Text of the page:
Section 53.1 of the Patent Act took effect in 2019. It was designed to reverse the 2000 decision of the Supreme Court in Free World Trust v Electro Santé Inc  2 SCR 1024 and allow what transpires in the Canadian Patent Office during the processing of a patent application — its “prosecution history” — potentially to affect the scope of the patent eventually granted. The section could have just provided that a patent’s prosecution history is relevant and admissible to aid in the construction of a patent claim or specification. Instead its drafting is linked to court procedure and, if interpreted literally, produces worse consequences than those it sought to remedy. The paper shows how section 53.1 may be legitimately interpreted to avoid such consequences and achieve the provision’s intended purpose.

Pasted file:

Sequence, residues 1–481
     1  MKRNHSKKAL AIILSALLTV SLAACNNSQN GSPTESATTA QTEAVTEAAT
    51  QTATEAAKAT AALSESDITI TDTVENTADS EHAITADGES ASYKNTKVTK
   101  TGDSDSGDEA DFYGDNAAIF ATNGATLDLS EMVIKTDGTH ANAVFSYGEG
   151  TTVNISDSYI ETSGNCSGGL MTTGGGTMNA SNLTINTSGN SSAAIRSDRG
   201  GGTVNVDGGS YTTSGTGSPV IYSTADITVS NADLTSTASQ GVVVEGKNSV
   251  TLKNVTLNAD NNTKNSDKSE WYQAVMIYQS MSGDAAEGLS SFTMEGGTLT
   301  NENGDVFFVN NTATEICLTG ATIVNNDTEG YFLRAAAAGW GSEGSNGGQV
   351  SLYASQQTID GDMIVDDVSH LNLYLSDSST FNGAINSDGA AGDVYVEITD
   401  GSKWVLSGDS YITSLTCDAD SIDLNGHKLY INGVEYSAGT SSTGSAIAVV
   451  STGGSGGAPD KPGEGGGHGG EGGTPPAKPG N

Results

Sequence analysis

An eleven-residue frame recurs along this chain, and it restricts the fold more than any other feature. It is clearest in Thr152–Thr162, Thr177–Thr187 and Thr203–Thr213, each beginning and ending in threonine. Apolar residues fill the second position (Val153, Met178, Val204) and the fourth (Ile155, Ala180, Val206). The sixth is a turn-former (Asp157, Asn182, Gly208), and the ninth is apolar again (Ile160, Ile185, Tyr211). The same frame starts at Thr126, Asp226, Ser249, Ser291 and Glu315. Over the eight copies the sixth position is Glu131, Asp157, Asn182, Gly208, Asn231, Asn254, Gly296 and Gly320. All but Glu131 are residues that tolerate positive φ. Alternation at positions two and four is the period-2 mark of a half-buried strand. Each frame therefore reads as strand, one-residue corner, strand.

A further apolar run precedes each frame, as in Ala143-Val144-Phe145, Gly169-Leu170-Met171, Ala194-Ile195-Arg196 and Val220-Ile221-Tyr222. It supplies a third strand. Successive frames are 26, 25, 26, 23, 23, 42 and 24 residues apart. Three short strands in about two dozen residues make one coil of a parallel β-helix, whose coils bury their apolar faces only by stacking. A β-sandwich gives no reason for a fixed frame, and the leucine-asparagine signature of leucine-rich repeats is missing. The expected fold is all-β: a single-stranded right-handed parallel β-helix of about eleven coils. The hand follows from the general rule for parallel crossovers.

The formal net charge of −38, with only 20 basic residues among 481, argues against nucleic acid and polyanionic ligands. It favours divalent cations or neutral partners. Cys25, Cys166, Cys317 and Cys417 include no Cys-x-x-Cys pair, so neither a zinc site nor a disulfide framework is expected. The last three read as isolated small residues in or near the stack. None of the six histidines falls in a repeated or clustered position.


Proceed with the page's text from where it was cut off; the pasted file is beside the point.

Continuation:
Prof David Vaver is a Professor of Intellectual Property Law at Osgoode Hall Law School and Emeritus Professor of Intellectual Property & Information Technology Law at University of Oxford. This is an abstract from Prof Vaver’s recently published article which will also appear in the Intellectual Property Journal. You can read the full article either on Osgoode Digital Commons or SSRN.